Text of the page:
Looking back to the Cold War, nuclear deterrence was a restraint. The consequences of adventurism were too devastating to risk a full-scale confrontation. But there is a flaw in the theory of deterrence. A deterrent has to be credible if it is to deter. To be credible it must be useable and ready to be used. The old theory of mutually assured destruction (MAD) is still popularly held, but was never credible. The idea that you would respond to an attack by destroying human civilisation - yours and the aggressors - is genuinely mad. That is why the main nuclear strategy was a war fighting one based on a ladder of escalation up to a first strike to take out the other side's own nuclear weapons before they can use them. It is a credible deterrent, but one with huge risks. If that primary deterrence fails, then the only way a war can be won is to strike first. The first level of deterrence encourages restraint, the second escalation. This was always the concern of more thoughtful critics of nuclear weapons. So there is a case for arms control, non-proliferation and disarmament. It isn't the one we normally hear though. Even so, because of nuclear proliferation, there still is a case for a deterrent based on a limited retaliatory capacity. We hear that argument a lot more.

But what about Britain's independent nuclear deterrent? It isn't fully independent and its military value is limited. Within the army, in particular, voices have been raised about whether the cost would be better spent on conventional forces. Further afield, there is another line that says that as we are under the NATO nuclear umbrella, the money would be better spent elsewhere and that employment would be better served by investment in non-military manufacturing. There is a real argument for a rethink. The problem is that this argument is buried under political symbolism. After all, British nuclear arms were always a political rather than a military weapon.

They were developed by the post-war Labour government primarily to keep British influence with the United States, but were opposed by the left. Since then, British nuclear weapons have become a cause, rather than a policy. And that cause has been a constant source of division, from Bevan's 1957 conversion to being a supporter of Britain's nuclear status, through 1980s unilateralism and up to today's split over Trident renewal.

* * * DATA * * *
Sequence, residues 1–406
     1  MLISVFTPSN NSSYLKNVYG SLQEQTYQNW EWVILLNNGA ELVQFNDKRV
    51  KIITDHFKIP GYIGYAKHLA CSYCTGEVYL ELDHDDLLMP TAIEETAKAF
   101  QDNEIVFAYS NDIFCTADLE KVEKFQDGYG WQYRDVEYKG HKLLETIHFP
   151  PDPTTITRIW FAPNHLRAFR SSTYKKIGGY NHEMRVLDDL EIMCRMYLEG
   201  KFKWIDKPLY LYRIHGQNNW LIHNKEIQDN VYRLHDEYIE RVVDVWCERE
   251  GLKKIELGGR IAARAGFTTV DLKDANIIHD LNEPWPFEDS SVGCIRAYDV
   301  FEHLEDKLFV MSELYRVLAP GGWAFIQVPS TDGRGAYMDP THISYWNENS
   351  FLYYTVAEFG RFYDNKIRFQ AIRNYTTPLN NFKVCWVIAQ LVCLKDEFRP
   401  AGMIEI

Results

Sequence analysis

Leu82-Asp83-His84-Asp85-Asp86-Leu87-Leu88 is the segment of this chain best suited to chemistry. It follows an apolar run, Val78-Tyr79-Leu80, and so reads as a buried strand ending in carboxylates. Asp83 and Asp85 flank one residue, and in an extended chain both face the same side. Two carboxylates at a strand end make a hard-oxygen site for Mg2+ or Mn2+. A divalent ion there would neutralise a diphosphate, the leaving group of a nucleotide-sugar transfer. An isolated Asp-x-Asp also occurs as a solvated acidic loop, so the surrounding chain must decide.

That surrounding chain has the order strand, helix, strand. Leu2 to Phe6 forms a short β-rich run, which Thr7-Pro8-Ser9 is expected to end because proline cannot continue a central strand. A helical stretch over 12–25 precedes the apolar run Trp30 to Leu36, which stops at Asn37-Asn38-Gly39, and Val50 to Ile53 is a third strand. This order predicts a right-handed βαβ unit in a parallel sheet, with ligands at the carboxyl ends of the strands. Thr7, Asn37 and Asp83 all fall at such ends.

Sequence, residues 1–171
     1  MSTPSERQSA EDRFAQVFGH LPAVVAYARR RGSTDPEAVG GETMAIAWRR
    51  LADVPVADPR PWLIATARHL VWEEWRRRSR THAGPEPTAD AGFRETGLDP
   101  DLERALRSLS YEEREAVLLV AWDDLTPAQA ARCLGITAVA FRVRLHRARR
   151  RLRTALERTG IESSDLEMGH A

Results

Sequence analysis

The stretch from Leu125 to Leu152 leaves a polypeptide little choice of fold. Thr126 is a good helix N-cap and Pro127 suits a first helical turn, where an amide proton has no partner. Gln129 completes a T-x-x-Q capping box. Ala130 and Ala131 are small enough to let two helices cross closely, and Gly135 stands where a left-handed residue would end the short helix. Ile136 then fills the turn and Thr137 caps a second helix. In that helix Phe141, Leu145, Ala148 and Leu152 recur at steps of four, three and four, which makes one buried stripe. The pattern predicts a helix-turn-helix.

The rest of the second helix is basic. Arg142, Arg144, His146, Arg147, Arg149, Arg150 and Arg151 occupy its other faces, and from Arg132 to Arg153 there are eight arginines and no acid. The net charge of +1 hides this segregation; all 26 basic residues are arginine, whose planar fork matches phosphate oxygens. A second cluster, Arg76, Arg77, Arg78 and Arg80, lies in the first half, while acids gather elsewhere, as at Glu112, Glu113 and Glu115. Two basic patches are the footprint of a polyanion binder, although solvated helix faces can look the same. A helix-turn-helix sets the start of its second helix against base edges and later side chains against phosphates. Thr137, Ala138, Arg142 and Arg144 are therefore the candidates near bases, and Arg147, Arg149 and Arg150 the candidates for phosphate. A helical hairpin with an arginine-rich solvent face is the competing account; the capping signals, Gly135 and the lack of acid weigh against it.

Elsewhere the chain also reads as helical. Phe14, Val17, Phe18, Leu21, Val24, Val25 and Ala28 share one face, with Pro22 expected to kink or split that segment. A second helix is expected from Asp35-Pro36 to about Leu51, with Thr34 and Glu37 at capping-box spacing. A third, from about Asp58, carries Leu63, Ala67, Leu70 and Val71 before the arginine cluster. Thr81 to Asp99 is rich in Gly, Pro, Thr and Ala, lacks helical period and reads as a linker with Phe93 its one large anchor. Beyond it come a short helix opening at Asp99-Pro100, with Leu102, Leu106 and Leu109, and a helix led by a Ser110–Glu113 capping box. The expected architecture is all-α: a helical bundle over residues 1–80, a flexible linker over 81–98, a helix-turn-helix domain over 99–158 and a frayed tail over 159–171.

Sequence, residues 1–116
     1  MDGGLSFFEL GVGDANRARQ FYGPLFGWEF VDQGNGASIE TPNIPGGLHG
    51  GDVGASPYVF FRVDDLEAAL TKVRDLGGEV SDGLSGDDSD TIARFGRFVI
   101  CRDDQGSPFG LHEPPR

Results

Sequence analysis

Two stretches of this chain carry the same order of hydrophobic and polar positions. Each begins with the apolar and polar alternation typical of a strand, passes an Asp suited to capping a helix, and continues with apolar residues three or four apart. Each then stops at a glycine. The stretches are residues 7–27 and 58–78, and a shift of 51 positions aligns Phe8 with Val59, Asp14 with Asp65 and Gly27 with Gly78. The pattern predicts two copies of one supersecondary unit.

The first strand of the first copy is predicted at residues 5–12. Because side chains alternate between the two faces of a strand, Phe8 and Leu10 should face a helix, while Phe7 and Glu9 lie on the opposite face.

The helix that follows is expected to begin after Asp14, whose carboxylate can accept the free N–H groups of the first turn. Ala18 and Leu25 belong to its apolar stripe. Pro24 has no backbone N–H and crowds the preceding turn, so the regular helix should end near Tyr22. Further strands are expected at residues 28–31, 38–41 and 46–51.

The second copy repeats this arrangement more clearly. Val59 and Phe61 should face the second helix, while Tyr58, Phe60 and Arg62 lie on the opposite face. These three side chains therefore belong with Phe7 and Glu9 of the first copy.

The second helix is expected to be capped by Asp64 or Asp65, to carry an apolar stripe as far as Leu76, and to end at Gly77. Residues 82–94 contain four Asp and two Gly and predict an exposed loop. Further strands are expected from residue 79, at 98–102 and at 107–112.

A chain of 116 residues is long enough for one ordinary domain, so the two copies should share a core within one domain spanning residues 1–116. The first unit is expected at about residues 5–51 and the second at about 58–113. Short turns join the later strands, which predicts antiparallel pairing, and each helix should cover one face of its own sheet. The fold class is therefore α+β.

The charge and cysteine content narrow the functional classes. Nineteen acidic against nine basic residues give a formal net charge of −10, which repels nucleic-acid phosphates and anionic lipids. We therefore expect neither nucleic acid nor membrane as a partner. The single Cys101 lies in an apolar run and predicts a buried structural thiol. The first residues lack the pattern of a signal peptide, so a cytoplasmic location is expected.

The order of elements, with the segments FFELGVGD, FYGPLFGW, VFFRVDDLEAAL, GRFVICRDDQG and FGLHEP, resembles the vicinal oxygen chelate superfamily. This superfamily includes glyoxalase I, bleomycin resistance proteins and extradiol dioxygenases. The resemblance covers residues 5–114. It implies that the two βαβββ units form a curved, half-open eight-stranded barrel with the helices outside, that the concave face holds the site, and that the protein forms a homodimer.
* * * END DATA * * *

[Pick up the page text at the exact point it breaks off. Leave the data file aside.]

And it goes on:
The politicisation of nuclear weapons has prevented a rational discussion of policy. This was one area that would benefit from bi-partisanship. But the Conservatives have a vested interest in being the party of nuclear defence. They can paint a non-nuclear policy as both weak and extremist at the same time. There is no enthusiasm amongst the electorate for nuclear disarmament, it is a vote loser, and so the struggle in the Labour Party is over a symbol of both left/right control and electability. Military policy is merely an afterthought.

Today's Trident debate is the same. Trident renewal is opposed by the left, supported by the right and by the unions representing defence workers. The Conservatives sit back and watch gleefully. Once again, politics has prevailed.

Mind you, Corbyn has come up with a compromise - submarines on patrol with missiles without warheads. Another great idea. It makes no military sense, no economic sense and will be electorally unpopular. Again, the suggestion is political. This time it's the machine politics of the pork barrel - throwing an expensive and useless project at key supporters to appease them. Or perhaps Colin Talbot's more surreal explanation is the best one. Whatever, my head is in my hands once more.

Back to ...

Back to Manchester to be laid low by a succession of viruses and back to the nineteen eighties, at least that is what it has felt like as Jezza and the Corbynistas set about being a new romantic revival band. Yes, all the old favourites are back; nuclear disarmament, the Falklands, a looming Labour defeat. Except, I was young then and now I'm not. Bugger.